Lee Hsien Yang is leaving Singtel; maybe he also wants to comment on issues he knows about, like his sister just did.

Anonymous said...

the other interesting question is why her comments, published by ST in Nov 2006, went noticed till overseas news outfits picked it up
(I confess I do not read ST carefully)

Anonymous said...

The spat between Lee Wei Ling (LWL) and Philip Yeo (PY) highlights two issues. One of which is, to put it in a dramatic fashion, raises questions about our government-led industrial policies and the other a subtext or portent of what is to come if a power struggle in PAP is to ensue after LKY has left the scene.

Let's start with the industrial policy questions. This issue of whether the current approach is a good or bad one is as long as a piece of string. In short, my analysis suggests a constants that goes backs to our birth as a nation and quite possibly PAP's thought processes.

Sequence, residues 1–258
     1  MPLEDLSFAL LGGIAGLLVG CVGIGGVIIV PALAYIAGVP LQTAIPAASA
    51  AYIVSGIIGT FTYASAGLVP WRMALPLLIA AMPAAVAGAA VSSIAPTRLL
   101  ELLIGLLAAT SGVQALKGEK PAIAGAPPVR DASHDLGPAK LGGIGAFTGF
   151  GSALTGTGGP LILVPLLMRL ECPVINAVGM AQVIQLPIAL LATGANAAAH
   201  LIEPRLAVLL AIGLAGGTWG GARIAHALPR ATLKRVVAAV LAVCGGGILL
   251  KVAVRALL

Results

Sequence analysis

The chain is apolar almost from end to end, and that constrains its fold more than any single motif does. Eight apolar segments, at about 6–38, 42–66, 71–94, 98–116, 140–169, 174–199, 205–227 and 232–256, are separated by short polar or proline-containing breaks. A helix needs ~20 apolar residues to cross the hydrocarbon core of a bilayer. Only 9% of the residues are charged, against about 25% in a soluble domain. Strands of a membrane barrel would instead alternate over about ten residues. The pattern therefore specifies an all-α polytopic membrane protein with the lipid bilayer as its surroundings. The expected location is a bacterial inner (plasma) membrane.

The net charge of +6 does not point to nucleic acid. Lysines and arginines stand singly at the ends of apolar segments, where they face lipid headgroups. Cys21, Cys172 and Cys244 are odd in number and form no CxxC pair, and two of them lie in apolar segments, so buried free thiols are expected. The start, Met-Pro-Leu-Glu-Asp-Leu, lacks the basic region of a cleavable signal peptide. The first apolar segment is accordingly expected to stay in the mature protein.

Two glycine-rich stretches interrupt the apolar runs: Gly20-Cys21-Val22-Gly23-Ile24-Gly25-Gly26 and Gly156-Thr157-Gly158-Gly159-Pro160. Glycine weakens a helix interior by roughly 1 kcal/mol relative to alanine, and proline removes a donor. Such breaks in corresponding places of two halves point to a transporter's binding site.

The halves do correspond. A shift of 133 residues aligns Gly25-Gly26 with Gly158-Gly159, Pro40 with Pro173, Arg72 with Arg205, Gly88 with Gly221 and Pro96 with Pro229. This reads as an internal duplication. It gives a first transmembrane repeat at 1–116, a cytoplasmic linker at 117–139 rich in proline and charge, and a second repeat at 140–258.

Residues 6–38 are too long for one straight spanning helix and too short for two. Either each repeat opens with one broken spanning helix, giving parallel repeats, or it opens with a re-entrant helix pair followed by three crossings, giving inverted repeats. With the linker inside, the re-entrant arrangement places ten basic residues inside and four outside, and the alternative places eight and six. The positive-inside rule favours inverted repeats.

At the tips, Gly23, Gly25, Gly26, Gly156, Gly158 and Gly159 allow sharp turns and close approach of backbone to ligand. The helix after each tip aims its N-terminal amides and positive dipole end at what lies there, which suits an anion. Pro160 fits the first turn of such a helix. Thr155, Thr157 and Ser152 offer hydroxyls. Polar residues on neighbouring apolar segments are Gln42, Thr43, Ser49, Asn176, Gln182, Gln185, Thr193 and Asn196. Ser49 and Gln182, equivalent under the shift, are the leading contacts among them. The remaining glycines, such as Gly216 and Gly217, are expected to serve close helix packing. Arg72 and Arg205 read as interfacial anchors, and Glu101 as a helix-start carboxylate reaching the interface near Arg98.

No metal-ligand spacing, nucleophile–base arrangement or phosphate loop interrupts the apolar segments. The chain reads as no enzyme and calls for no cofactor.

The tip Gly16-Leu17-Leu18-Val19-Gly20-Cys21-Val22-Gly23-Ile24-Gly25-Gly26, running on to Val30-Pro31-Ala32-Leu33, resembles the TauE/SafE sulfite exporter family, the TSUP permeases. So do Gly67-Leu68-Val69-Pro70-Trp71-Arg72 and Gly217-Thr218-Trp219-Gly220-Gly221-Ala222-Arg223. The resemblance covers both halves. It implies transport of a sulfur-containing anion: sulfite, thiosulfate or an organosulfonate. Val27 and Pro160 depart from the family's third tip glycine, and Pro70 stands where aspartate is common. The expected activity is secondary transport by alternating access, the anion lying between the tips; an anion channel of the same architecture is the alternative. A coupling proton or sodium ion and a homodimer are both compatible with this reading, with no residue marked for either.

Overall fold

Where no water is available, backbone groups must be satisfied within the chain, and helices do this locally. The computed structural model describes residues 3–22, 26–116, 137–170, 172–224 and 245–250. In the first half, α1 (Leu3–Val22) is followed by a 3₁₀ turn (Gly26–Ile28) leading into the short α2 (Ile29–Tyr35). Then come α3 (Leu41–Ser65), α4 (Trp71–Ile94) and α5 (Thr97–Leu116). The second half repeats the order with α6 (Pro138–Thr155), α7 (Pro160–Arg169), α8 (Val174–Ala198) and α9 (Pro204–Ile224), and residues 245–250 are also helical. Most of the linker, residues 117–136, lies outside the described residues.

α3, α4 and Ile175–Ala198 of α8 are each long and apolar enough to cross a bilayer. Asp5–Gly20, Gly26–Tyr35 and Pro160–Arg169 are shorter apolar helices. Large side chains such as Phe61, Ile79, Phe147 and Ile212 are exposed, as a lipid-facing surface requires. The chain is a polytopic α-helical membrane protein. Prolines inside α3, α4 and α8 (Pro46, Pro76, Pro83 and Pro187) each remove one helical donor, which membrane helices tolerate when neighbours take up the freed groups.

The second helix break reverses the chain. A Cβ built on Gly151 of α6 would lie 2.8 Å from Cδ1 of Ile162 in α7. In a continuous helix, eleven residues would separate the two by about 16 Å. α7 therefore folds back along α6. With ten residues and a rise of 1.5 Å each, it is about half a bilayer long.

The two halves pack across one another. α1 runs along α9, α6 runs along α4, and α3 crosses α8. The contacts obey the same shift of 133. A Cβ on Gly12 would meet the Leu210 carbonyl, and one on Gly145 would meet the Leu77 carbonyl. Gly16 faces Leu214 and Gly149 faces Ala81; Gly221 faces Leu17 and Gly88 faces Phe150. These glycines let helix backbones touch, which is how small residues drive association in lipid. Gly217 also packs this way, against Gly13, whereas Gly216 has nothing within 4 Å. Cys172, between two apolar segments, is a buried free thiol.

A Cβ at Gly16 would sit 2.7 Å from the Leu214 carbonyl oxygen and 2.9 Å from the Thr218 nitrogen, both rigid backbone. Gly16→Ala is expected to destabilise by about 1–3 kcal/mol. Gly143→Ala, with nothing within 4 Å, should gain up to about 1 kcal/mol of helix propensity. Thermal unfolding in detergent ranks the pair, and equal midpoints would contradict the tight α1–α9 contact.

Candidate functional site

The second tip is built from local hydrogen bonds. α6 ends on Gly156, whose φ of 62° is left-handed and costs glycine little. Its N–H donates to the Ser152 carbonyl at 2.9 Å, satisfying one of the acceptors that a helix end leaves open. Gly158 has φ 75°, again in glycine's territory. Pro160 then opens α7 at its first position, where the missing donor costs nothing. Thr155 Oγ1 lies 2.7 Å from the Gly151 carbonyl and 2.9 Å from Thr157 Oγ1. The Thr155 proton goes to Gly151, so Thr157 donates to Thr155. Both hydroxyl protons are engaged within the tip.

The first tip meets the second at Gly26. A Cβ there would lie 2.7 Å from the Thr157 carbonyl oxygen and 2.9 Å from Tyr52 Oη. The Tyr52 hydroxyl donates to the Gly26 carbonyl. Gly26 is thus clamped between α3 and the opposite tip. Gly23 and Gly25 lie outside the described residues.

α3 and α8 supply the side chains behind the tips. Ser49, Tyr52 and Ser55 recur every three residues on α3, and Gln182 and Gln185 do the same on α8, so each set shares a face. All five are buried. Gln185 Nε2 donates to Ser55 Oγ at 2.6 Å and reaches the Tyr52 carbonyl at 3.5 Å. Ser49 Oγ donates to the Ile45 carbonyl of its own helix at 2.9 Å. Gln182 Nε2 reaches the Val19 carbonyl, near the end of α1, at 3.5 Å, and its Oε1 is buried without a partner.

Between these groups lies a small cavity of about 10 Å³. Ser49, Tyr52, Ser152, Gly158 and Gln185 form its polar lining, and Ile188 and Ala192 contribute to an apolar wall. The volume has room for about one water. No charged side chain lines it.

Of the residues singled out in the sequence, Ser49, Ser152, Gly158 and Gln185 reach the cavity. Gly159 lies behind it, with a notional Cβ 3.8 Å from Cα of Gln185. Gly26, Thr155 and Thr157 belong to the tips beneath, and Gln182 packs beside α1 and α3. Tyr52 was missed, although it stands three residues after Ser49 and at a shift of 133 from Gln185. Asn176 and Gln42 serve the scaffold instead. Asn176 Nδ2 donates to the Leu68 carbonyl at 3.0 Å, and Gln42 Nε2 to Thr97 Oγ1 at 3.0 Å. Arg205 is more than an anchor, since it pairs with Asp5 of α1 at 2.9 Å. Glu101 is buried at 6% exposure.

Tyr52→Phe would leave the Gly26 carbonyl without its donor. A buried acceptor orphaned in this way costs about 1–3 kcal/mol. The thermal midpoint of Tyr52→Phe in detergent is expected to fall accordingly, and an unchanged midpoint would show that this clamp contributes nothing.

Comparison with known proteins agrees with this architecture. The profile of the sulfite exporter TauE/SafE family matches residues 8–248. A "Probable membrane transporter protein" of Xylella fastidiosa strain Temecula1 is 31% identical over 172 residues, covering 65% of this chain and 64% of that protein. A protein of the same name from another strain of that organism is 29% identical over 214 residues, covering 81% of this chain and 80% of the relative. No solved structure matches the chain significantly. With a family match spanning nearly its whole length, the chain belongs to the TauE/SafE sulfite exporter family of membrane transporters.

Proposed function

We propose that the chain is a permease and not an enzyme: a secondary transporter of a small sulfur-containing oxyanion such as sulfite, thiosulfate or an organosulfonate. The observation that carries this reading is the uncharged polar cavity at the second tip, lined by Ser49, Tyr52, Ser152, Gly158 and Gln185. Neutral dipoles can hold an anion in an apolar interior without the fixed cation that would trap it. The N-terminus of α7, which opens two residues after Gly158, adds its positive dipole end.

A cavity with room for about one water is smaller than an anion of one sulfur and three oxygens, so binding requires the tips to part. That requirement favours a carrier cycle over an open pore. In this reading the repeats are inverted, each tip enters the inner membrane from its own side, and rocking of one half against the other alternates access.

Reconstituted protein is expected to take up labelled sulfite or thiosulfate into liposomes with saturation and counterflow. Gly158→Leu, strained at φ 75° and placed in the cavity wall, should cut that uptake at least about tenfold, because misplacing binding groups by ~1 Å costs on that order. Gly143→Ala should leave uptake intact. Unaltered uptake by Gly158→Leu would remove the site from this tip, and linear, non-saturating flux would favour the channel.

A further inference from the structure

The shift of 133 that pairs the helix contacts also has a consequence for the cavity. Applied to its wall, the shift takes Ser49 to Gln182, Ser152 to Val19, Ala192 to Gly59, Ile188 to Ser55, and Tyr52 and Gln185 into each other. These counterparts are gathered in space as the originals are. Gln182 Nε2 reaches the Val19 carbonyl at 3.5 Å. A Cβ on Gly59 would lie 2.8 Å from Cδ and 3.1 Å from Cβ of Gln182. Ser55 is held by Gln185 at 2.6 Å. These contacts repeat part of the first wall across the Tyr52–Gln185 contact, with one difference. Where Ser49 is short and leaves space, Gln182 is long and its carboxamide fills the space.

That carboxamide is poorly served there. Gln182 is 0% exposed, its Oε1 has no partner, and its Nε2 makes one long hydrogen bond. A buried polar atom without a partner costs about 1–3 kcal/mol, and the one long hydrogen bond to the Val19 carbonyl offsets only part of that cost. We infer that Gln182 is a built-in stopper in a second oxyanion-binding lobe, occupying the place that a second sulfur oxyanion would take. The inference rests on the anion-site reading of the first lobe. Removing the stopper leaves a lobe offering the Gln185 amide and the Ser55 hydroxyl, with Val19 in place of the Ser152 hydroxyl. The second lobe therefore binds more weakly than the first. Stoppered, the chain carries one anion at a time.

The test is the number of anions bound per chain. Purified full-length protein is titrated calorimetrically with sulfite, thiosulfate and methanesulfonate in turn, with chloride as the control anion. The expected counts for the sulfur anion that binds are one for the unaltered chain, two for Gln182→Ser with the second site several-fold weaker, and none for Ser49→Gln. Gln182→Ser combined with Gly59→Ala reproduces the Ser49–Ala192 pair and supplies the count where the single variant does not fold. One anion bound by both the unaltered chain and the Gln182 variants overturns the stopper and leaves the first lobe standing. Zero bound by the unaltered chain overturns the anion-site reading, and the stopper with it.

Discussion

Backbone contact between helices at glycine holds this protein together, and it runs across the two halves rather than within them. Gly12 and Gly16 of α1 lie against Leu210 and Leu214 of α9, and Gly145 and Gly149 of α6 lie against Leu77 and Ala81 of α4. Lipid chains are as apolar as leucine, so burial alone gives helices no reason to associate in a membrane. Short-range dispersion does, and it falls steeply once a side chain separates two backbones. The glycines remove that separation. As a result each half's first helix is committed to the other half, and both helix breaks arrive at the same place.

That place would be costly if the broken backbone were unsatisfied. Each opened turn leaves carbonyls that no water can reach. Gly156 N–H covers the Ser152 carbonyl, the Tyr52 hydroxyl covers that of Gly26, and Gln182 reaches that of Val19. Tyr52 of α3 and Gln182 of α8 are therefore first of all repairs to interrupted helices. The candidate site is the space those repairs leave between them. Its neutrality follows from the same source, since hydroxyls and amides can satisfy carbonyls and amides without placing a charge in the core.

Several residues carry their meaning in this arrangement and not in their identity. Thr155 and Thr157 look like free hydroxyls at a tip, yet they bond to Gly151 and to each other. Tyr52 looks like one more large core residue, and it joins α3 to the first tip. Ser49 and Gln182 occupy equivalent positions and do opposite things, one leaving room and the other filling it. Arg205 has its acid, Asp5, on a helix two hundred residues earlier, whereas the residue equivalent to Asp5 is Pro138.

For those who might have thought A*STAR or its predecessor National Science and Technology Board (NSTB) was setup to address science or research, they will be sadly mistaken.

Under PAP, pure science as opposed to applied science or technology, is often seen as a luxury. Much like subjects such as literatures or the arts. A cursory examination of the state of our tertiary level eductional establishment should be revealing. For those in the know, it will come not as a surprise that our Physics, Chemistry, Biology and even Mathematics departments are geared towards training "science" teachers. Not for the advancement of Science or to gain Nobel Price.